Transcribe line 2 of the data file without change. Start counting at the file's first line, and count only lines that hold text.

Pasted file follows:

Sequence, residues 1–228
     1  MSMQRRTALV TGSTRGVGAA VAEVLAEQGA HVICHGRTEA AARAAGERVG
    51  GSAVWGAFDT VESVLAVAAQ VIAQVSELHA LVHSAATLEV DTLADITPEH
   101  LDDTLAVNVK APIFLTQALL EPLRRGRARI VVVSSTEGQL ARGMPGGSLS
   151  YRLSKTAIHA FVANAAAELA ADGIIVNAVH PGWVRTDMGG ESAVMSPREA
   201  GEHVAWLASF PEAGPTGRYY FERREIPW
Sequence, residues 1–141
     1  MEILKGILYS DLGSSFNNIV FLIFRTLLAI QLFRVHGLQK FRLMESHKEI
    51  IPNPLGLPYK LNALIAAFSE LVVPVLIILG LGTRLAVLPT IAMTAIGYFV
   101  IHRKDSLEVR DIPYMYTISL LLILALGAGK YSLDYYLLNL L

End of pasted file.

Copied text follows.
     1  MSMQRRTALV TGSTRGVGAA VAEVLAEQGA HVICHGRTEA AARAAGERVG